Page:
I was struck by the finance minister’s almost personal, emotional concern with the fact that gargantuan medical costs so easily convert a middle class family into a poor one and a poor family into a destitute one. In contemporary times, it is simply too cruel and callous to ask people to travel hundreds of miles, lose their wages (possibly the biggest cost) to access medical facilities which modern technology has made available. Adopting an attitude of karmic passivity is immoral. The intent is above all morally exceptional. Now, lets just hope that we implement the proposed programmes with a minimum modicum of efficiency. As a country, we are not always inefficient. We have eliminated leprosy and polio. We might just pull this one off, too.
Giving the Aadhaar initiative a proper statutory basis is an overdue move. The Manmohan Singh government slipped it in by a sleight of hand, probably getting worried by the opposition of the poverty-lovers at the erstwhile NAC. I have had my own reservations from a libertarian perspective, but have, on balance, been supportive given the fact that it is pregnant with major technological gains and the fact that it might actually break the strangulating power of the intermediate bureaucracies of India and allow for direct contact between the hapless citizen and the imposing sovereign state. Sleights of hand are always dangerous. They can be reversed or sabotaged. A proper statutory basis after extensive and intensive parliamentary discussions (am I being too hopeful?) is the correct way to go. Proper safeguards covering citizen choice, individual privacy and limitation of the rights of the state can and should be embedded in the architecture of the legislation. If we are willing to put up with driver’s licenses and PAN cards, we just must learn to accept the intrusions of the Aadhaar. We can and we must try to make sure that it does not end up as a Stalinist nightmare. Lets all get ready to make our submissions—hopefully constructive ones—when the draft legislation is put up in the public domain. It is interesting to note that despite the raucous political rhetoric in our republic, the present government has actually embraced initiatives like insurance FDI, the Bangladesh Treaty and now Aadhaar in a khullam khulla way. The contrast with Latin American elite behaviour again stands out. Aadhaar, combined with inclusive banking and direct benefits transfer, may end up becoming one of Indian democracy’s sui generis achievements, much like introducing adult franchise in an illiterate country in 1952.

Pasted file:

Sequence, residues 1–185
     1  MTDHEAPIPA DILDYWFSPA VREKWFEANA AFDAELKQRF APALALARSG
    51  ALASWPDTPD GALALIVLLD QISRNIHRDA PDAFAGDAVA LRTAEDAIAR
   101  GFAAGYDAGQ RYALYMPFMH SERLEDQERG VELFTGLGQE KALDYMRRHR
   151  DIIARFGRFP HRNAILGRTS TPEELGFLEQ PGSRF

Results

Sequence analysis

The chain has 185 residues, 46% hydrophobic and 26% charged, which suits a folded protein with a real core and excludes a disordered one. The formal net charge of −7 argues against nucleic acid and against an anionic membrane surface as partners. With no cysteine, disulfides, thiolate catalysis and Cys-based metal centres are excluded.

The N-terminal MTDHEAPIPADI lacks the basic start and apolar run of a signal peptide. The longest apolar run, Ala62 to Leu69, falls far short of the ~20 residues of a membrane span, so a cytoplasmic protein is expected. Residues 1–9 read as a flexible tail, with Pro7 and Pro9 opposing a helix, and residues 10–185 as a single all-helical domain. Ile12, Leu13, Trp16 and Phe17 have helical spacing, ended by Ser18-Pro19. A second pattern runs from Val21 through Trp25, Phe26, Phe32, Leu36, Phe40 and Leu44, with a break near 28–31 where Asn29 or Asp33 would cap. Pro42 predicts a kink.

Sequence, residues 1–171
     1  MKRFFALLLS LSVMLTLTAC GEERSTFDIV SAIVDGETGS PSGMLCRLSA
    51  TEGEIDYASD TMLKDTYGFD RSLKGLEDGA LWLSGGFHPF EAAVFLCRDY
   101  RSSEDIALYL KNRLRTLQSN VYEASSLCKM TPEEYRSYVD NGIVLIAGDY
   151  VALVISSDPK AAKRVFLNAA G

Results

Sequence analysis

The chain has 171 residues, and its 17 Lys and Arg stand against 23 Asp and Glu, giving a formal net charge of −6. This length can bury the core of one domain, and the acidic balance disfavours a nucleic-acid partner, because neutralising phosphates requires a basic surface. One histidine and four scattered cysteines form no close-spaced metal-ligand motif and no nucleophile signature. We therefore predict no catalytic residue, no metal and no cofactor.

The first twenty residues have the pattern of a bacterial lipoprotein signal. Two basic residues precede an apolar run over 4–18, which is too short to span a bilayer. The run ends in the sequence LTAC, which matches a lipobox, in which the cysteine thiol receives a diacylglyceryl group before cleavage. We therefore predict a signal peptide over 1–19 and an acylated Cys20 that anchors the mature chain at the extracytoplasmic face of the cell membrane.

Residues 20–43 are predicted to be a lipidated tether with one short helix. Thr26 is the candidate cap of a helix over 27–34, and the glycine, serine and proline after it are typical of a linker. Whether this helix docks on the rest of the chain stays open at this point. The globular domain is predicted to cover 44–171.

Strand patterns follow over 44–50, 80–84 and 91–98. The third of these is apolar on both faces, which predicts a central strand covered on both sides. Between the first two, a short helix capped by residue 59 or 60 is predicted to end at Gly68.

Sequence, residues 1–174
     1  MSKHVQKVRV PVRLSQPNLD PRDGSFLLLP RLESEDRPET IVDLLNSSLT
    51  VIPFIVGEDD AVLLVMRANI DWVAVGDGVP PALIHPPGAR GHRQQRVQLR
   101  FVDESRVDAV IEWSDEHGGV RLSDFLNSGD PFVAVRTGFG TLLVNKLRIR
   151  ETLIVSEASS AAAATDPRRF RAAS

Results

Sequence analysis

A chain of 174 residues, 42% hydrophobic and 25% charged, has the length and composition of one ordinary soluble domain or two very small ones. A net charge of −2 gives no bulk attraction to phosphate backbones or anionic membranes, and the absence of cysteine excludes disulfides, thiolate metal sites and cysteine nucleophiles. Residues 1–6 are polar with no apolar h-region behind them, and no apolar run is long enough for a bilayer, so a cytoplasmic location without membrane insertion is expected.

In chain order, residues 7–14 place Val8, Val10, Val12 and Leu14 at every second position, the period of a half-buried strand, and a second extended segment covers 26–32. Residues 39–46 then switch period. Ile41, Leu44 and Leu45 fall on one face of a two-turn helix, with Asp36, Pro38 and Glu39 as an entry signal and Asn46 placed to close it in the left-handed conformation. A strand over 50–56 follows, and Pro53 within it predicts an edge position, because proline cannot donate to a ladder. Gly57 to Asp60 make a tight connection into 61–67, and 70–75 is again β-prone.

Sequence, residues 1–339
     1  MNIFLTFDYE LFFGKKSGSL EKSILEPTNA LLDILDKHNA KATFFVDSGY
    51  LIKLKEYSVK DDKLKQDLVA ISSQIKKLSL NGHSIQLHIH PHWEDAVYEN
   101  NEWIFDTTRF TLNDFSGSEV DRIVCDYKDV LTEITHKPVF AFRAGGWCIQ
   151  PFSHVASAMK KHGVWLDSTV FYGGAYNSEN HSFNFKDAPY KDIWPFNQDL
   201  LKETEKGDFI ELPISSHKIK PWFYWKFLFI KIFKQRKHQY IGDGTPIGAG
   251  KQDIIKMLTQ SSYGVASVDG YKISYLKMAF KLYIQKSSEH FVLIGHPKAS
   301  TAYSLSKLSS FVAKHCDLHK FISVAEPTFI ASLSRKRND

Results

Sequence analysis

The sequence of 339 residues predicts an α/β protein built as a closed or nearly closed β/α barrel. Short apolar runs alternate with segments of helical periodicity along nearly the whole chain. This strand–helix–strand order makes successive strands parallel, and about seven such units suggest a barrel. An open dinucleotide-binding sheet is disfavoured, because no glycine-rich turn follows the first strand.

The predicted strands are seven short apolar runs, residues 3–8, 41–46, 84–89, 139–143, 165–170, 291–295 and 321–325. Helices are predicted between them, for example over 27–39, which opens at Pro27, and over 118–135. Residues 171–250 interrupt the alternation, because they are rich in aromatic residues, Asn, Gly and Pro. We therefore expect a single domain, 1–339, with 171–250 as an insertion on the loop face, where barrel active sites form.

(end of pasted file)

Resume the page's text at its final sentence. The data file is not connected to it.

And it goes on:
On tax administration, one would have liked more sweeping changes. The important thing to note is that for the first time in our history, there is an official acknowledgement that discretionary powers to the lower and middle bureaucracy is the real problem. The rest are mere symptomatic defects. An attempt has started to deal with this dismal problem. One can expect many attempts at push-back and sabotage as the small print of the rules are written. It is important for the finance minister to stay the course and to make sure that our tax-collectors end up as neutral implementers of clear and simple laws, not as whimsical and tyrannical vultures that the Krishnamacharis of the world trained them into becoming. Well begun is half done. Let us fervently hope that this effort gets fully carried out.
I close with a passing reference to something close to my heart and my personal pocket book. The clear support for affordable housing in the budget demonstrates that finally we have embraced the view that it is not the destiny of urban Indians to live in overcrowded, insanitary, leaky and soul-destroying homes. Our emerging middle class should have the right and the opportunity to address this core aspect of their lives—something that is so central to their well-being, pride and sense of having arrived. Since in my business interests, I am a beneficiary of these moves, it would be inappropriate to write a panegyric on this subject.
Budget FY17, with a little bit of luck—despite ominous global headwinds—might get us brisk—and, more importantly, sustained—growth. The probability of good outcomes has most certainly gone up.
The author is a Mumbai-based entrepreneur